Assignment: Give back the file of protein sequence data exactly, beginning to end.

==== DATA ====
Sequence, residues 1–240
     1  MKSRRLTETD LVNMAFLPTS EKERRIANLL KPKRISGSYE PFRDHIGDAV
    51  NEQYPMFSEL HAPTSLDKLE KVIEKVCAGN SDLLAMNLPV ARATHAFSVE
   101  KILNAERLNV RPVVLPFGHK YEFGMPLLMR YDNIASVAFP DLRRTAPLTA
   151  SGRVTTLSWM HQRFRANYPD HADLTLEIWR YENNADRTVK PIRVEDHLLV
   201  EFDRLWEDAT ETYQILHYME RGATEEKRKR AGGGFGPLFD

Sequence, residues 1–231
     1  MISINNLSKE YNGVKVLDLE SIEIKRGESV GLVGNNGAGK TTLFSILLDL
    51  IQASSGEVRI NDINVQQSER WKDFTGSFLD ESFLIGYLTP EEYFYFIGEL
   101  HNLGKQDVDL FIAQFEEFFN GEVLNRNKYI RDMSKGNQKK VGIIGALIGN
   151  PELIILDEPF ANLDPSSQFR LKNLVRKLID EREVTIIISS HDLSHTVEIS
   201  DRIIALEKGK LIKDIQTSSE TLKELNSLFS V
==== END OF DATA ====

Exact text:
Sequence, residues 1–240
     1  MKSRRLTETD LVNMAFLPTS EKERRIANLL KPKRISGSYE PFRDHIGDAV
    51  NEQYPMFSEL HAPTSLDKLE KVIEKVCAGN SDLLAMNLPV ARATHAFSVE
   101  KILNAERLNV RPVVLPFGHK YEFGMPLLMR YDNIASVAFP DLRRTAPLTA
   151  SGRVTTLSWM HQRFRANYPD HADLTLEIWR YENNADRTVK PIRVEDHLLV
   201  EFDRLWEDAT ETYQILHYME RGATEEKRKR AGGGFGPLFD

Sequence, residues 1–231
     1  MISINNLSKE YNGVKVLDLE SIEIKRGESV GLVGNNGAGK TTLFSILLDL
    51  IQASSGEVRI NDINVQQSER WKDFTGSFLD ESFLIGYLTP EEYFYFIGEL
   101  HNLGKQDVDL FIAQFEEFFN GEVLNRNKYI RDMSKGNQKK VGIIGALIGN
   151  PELIILDEPF ANLDPSSQFR LKNLVRKLID EREVTIIISS HDLSHTVEIS
   201  DRIIALEKGK LIKDIQTSSE TLKELNSLFS V